Bermuda Versus Fescue

Overview

Bermuda grass (Cynodon spp.) is a commonly grown warm-season grass, while fescue (Festuca spp.) is a cool-season grass. Although both types of lawn grasses have several similarities such as dark green blade color, deep roots and drought-tolerance, they have certain strengths and weaknesses that separate them. Understanding these differences helps you to select the one appropriate for your climate and lawn conditions.

Propagation

Bermuda grass propagates by rhizomes, stolons and seed. Stolons are low-lying stems that grow and spread close to the ground, resulting in new grass sprigs. Rhizomes resemble stolons but they grow underground. Gardeners do not establish Bermuda grass lawn by seed because it is unreliable. Fescue grass propagates by seed.

Appearance

Bermuda grass has deep green blades with soft white puffs where the leaves and stems meet. It grows to a height of 2 inches. Turf-type fescue is also deep green, but reaches a height of 3 to 4 feet if left to grow.

Geography

Bermuda grass is a warm-season perennial grass that grows in India, Africa, South America, Australia and the southern Unites States. It grows in more than 100 tropical and subtropical countries. Fescue grass is a cool-season perennial grass that grows in almost all states in the United States with cold winters and warm summers, such as Arkansas, Tennessee and Missouri. Some varieties of fescue grass also grow in North Africa, North America and Europe.

Durability

Bermuda grass is extremely drought-tolerant and withstands high traffic, which makes it an excellent choice for golf courses, athletic fields, parks and lawns. Fescue tolerates lower temperatures than Bermuda grass, which is why it grows in cold areas with moderate to heavy traffic. Tall fescue is a variety of fescue grass that is commonly used as a turf grass because other varieties are mostly ornamental grasses (that grow in clusters and do not spread), such as blue fescue.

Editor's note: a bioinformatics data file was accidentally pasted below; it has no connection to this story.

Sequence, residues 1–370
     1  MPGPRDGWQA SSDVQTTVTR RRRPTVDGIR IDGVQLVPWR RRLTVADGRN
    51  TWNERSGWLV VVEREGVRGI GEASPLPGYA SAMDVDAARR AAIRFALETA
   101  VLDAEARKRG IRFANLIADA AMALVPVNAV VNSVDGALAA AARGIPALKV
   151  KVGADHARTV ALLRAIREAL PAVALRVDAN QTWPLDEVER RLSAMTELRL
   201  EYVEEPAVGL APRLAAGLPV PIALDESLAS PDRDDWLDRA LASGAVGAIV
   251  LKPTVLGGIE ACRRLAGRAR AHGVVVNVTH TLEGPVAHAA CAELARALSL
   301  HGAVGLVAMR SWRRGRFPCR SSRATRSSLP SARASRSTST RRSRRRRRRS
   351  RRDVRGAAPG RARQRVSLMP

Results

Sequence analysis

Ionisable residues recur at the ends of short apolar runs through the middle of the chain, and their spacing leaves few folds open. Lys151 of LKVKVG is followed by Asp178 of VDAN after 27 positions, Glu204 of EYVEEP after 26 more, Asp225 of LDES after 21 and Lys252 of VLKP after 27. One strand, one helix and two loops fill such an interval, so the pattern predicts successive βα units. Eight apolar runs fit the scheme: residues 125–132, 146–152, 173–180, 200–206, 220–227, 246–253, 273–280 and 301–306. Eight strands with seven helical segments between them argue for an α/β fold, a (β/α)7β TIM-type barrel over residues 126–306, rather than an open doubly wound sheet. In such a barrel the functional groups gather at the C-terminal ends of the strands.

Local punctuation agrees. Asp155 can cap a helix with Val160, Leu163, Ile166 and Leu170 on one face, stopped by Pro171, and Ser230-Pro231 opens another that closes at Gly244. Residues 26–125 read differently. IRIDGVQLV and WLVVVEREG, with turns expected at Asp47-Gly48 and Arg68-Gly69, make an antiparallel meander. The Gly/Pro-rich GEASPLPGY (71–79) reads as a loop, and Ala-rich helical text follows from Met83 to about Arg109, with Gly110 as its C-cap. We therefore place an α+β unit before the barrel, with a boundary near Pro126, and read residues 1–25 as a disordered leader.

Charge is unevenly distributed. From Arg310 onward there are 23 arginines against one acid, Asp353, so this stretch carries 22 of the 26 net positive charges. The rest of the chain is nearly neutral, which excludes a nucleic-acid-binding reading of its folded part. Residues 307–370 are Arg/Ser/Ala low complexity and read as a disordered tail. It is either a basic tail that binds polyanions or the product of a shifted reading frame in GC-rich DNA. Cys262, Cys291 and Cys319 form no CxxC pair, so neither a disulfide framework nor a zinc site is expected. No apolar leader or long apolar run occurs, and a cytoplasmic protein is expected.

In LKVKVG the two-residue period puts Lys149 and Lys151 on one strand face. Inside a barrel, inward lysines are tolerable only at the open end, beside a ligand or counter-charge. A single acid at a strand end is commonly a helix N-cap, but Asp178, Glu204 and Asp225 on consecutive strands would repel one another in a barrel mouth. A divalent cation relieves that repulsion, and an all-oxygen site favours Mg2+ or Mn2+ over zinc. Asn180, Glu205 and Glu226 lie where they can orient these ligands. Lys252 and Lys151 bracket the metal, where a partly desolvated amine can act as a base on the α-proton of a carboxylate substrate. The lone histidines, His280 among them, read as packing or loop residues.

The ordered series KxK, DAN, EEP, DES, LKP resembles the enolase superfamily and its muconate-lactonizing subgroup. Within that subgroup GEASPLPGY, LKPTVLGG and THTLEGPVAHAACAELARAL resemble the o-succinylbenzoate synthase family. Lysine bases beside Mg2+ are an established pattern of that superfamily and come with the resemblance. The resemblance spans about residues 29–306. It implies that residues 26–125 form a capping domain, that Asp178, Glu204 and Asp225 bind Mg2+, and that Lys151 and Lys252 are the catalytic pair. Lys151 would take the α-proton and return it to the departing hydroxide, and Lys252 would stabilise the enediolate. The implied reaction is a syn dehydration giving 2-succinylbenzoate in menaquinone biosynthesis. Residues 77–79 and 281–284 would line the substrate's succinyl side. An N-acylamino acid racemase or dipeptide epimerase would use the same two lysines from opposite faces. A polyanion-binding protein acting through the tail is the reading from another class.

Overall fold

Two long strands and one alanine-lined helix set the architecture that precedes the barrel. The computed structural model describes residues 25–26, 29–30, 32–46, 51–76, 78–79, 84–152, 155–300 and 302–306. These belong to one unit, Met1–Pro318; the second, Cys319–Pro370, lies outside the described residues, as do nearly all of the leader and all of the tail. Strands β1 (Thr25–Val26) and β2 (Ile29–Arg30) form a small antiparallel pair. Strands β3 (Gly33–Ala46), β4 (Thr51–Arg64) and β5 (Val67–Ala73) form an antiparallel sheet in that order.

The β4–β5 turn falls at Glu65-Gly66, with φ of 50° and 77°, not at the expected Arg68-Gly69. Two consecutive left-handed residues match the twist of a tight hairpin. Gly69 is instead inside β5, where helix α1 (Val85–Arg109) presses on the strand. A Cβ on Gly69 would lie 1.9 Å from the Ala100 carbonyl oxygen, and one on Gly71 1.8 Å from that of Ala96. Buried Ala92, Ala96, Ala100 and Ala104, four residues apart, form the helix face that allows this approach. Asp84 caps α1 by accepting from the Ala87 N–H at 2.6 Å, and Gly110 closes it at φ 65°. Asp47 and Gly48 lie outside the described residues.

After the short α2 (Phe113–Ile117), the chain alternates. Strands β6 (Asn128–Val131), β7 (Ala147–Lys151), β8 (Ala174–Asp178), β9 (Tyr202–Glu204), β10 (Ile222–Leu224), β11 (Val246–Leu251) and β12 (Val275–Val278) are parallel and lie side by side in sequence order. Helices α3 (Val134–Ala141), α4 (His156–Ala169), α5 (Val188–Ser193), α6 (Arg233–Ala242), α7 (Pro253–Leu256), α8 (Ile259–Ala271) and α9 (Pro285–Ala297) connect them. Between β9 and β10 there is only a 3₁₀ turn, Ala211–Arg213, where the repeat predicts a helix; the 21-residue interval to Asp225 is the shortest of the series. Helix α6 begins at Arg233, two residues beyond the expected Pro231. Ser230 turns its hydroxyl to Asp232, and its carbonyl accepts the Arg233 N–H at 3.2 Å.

Irrigation

Bermuda grass does not tolerate poorly drained areas, and irrigation should be strictly controlled and monitored on compacted or heavy soils so the grass remains healthy. Fescue should be watered only when grass blades show signs of thirst, or when they begin to roll or wilt.

Diseases and Pests

Bermuda grass is susceptible to diseases such as brown patch, leaf spot, dollar spot, spring dead spot and phythium. Pests that damage Bermuda grass foliage include sod webworms, cutworms, Bermuda grass mites, armyworms and mealybugs. Although fescue grass is tolerant to many turf-type diseases, it is susceptible to brown patch, leaf spot and fusarium blight, and pests such as cutworms, armyworms and white grubs.

Keywords: Bermuda grass, fescue grass, Bermuda vs fescue

About this Author

Tanya Khan is a freelance author and consultant, having written hundreds of thousands of words for various online and print sources. She has an MBA in Marketing but her passion lies in giving her words wings.